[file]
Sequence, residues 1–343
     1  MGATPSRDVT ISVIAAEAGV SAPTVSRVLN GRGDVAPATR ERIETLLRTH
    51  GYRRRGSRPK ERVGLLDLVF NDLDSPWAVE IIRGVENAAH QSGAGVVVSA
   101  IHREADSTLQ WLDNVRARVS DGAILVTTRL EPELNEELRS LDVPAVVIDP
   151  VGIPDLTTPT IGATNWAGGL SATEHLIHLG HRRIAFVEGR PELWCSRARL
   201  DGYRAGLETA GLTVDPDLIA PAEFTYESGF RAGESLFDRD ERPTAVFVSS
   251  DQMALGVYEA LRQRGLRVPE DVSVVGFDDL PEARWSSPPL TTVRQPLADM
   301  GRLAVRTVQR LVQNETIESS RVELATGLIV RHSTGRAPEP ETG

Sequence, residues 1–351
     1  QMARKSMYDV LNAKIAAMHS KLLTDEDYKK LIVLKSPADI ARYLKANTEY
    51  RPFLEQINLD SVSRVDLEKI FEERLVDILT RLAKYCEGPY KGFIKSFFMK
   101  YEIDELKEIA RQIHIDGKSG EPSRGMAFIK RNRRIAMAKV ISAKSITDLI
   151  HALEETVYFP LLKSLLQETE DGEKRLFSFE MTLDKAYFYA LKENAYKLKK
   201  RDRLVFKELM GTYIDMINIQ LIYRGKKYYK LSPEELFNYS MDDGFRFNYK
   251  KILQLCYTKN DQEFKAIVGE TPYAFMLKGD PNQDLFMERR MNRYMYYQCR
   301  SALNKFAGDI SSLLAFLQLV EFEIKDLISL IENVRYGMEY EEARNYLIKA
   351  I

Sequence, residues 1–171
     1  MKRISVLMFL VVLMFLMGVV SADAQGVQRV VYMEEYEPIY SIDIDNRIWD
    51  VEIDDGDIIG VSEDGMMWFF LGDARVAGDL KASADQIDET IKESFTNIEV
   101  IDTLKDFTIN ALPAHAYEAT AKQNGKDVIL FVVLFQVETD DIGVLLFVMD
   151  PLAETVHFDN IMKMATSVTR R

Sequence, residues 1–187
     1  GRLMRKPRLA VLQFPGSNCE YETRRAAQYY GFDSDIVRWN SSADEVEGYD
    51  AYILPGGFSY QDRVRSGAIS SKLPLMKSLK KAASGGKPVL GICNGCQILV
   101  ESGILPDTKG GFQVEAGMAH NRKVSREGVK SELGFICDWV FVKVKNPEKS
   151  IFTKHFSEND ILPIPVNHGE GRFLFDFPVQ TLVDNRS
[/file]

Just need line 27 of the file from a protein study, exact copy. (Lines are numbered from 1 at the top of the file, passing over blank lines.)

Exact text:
   151  IFTKHFSEND ILPIPVNHGE GRFLFDFPVQ TLVDNRS